The upper Manhattan neighborhoods of Washington Heights and Inwood are far removed geographically and culturally from midtown Manhattan. New Yorkers frequently call anything above Westchester County as “upstate” New York. By the mid-1990s, Washington Heights and Inwood were called “Upstate Manhattan.”
Other names for the area include WaHi (Washington Heights & Inwood), NoMa (Northern Manhattan) and MaNo (Manhattan North).
The far reaches of uptown Manhattan. Primarily refers to Washington Heights and Inwood.
Fifi wants to move Way The Heck Upstate, but Upstate Manhattan will do, for now..
by Flea Sisters Jul 8, 2004
Google Groups: soc.motss
From: Champ Knecht
Subject: Re: thoughts after the .con
Some Manhattanite friends of mine refer to Inwood as “Upstate Manhattan”.
Google Groups: rec.arts.sf.fandom
From: (Vicki Rosenzweig)
Subject: Re: The Bronx missing, please advise
>>Actually, from where I live on Long Island, Upstate is everything
>>north of midtown…
>I have two different friends who have assured me that Upstate begins
>at 14th Street.
Nah. Upstate begins at the Cloisters.
Posting from Upstate Manhattan, a.k.a. Baja Bronx,
Google Groups: alt.fan.cecil-adams
Subject: Re: Upperstate New York?
>You are correct about “Upperstate New York”, it’s just a malapropism. But
>you>are absolutely and irrevcocably wrong about “Upstate Manhattan”. There
>*never, ever* been such a designation. What you may have heard is a
>reference>to “upper Manhattan”.
Well, it’s not an official name of a neighborhood, but I know people who live there and refer to it that way. They use jokingly, but they use it.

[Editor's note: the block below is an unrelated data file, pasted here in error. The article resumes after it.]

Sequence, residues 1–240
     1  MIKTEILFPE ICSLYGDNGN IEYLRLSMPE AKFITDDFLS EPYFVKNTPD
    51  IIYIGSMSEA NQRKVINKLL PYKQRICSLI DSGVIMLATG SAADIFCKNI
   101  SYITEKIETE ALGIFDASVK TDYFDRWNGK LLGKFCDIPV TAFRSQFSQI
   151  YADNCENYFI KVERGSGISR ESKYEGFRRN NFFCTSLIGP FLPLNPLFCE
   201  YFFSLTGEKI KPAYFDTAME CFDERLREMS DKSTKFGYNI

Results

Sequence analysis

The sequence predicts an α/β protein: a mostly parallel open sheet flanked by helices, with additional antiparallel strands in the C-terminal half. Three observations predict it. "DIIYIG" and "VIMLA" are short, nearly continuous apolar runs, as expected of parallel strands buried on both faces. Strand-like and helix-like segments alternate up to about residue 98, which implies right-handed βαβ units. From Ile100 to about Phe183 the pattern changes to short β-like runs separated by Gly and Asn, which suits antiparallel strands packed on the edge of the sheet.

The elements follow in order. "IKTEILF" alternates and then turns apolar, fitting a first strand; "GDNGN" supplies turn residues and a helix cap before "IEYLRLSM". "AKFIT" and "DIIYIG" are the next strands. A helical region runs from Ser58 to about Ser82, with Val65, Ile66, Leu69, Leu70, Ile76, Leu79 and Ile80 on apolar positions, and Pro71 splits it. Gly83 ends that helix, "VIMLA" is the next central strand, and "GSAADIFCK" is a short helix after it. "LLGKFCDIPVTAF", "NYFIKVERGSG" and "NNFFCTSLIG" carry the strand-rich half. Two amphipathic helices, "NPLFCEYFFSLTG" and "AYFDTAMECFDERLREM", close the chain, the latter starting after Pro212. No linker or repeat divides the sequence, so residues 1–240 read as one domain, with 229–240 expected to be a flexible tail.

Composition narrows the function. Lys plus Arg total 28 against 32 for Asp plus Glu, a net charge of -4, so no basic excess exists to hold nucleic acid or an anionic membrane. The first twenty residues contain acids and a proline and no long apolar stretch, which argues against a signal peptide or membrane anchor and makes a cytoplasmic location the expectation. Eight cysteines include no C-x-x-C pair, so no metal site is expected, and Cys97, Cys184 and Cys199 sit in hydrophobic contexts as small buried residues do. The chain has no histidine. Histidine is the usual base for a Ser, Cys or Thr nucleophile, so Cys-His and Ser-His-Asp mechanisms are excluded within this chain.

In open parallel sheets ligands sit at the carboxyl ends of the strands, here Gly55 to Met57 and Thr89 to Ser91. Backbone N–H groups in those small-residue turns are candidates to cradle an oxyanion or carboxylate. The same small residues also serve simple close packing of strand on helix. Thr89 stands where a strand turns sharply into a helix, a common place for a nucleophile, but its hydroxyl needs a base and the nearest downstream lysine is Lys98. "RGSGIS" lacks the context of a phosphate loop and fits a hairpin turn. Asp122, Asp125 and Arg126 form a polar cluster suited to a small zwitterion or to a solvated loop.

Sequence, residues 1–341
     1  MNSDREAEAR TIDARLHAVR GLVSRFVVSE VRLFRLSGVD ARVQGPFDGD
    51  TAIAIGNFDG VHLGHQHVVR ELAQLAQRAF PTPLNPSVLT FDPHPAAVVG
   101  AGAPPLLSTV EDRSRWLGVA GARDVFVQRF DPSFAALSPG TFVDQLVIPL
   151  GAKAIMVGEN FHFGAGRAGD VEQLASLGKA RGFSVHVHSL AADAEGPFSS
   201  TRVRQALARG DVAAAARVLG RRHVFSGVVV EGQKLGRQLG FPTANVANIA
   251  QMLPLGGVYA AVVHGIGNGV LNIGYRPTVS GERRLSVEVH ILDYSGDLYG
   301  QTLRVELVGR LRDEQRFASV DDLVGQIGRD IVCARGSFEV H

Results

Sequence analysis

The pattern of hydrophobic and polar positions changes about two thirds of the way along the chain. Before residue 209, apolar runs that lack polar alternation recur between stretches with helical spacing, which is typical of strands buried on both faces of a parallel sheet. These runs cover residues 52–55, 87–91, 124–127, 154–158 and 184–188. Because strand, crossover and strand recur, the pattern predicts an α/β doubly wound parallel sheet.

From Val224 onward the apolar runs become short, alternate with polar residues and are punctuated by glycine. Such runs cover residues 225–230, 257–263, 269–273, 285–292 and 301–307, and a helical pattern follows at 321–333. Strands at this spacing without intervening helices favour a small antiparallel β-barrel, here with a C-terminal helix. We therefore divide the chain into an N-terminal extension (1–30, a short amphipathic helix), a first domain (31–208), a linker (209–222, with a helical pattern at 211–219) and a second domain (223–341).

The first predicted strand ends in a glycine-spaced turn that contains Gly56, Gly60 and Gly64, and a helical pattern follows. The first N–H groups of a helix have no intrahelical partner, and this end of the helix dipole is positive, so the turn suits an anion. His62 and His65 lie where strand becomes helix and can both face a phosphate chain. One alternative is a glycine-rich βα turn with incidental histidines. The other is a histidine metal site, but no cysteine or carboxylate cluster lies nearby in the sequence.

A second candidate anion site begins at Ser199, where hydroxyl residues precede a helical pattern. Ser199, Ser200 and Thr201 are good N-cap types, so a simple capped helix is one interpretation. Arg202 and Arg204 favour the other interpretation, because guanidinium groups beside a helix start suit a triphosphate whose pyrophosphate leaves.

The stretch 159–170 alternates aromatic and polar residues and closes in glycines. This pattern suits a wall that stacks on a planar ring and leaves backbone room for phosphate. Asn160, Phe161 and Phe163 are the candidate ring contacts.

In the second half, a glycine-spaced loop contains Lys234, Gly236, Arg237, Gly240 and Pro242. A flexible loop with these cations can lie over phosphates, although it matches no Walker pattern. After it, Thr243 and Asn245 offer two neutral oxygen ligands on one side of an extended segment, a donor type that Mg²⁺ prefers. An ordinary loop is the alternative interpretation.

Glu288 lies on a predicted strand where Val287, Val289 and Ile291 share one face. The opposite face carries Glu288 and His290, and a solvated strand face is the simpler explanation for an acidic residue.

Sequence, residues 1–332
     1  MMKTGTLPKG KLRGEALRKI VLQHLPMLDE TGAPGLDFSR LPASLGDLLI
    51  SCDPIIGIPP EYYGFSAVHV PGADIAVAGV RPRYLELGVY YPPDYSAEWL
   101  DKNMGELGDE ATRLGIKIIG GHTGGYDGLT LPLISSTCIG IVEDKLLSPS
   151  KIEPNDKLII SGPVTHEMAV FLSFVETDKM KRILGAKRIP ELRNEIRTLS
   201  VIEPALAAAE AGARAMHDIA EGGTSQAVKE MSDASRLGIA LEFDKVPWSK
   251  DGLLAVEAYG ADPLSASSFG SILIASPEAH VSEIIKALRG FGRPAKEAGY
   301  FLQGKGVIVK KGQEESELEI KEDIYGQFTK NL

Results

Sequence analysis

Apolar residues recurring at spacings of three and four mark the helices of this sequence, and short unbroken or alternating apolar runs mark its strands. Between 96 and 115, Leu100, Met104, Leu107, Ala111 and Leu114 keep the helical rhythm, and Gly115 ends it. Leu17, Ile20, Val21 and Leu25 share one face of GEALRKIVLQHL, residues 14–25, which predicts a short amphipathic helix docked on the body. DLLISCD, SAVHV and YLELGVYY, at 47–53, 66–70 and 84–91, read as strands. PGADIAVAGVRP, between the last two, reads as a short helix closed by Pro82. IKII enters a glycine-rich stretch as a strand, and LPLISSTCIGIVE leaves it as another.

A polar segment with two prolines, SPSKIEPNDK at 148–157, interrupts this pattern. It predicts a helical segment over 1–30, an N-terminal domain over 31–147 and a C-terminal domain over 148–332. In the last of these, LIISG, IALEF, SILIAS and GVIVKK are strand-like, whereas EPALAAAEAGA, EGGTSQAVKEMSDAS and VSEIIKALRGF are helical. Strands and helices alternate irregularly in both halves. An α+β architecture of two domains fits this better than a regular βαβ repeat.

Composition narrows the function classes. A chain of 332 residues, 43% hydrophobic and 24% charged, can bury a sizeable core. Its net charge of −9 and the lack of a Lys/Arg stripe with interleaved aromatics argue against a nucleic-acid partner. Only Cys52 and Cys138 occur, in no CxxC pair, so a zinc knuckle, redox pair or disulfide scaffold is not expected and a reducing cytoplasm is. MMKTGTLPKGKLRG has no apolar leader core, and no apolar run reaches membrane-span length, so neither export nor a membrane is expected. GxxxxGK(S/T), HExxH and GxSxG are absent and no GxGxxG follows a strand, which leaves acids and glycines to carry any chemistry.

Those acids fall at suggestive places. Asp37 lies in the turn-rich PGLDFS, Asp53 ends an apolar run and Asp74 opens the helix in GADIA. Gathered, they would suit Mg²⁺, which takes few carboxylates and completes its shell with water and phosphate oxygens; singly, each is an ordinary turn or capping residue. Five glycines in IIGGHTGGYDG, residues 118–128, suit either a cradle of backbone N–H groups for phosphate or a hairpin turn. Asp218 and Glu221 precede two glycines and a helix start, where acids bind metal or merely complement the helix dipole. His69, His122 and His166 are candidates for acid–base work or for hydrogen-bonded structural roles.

Best regards from Deborah “I’ve also heard joking references to ‘Baja Manhattan’ “ Finn
7 February 2001, National Public Radio:
My wife and I had an apartment well up in upstate Manhattan at one point, up in Washington Heights, and so I had time to, you know, walk around the ...
New York (NY) Times
If You’re Thinking of Living in Inwood;
Away From Manhattan Without Leaving
By NANCY BETH JACKSON
Published: December 15, 2002
FOR SALE: Two-bedroom, 1.5-bath Manhattan penthouse, updated kitchen, 500-sq.-ft. terrace with wide-open Hudson River views. Steps from salt marsh, primeval forest, hiking trails, kayaking and collegiate football. Asking $375,000.
THE offering sounds too good to be true, but the apartment went on the market last month in Inwood on the northern tip of the island, bordered by the Harlem and Hudson Rivers and a greenbelt of parks. The neighborhood’s southern boundary with Washington Heights depends on who’s defining. Residents line up in two camps: Fairview Avenue as described in the Encyclopedia of New York City and Dyckman Street, about a half-dozen blocks to the north, on Department of City Planning maps. Real estate agents seem to agree with the encyclopedia.
Ed Romanoff and Joyce A. Presutti, actors who moved from an Upper West Side studio to a $39,750 two-bedroom co-op in 1998, like to say they live in ‘’Washingwood’’ or ‘’Upstate Manhattan.’’
New York (NY) Times
Island Cafe, Irish Roots, and ‘Everybody’s Home’
By DAVID GONZALEZ
Published: August 23, 2005
“Nobody wants to look at the East River,” Kevin O’Rourke insisted. It was hard to argue with him, since the Hudson River and the Palisades loomed behind him, while the George Washington Bridge and the Cloisters beckoned from the south.
Mr. Robinson lives nearby, in an area he dubbed Upstate Manhattan.
New York (NY) Times
(Solar) Power to the People Is Not So Easily Achieved
By JIM DWYER
Published: January 23, 2008
One day nearly four years ago, it suddenly seemed like a good idea to give solar electricity a try at home — home, for me, being an apartment house in Washington Heights, alias upstate Manhattan.
New York (NY) Post (July 16, 2008)
About Washington Hts.
Some call it “upstate Manhattan,” and there’s certainly a laid-back vibe in this northern Manhattan neighborhood. Once crime-ridden, the area has seen an influx of new artsy and professional residents—and, as a result, Washington Heights has seen staggering price increases in recent years.
Nonetheless, WaHi offers large apartments that are greatly discounted from similarly sized homes south of 96th Street. The nabe offers numerous prewar, Art-Deco co-ops, particularly along the Hudson River. Among the most notable buildings is the Grinnell, widely known as the “uptown Dakota,” at 155th Street and Riverside Drive.
New York City • Neighborhoods • (0) Comments • Tuesday, September 23, 2008 • Permalink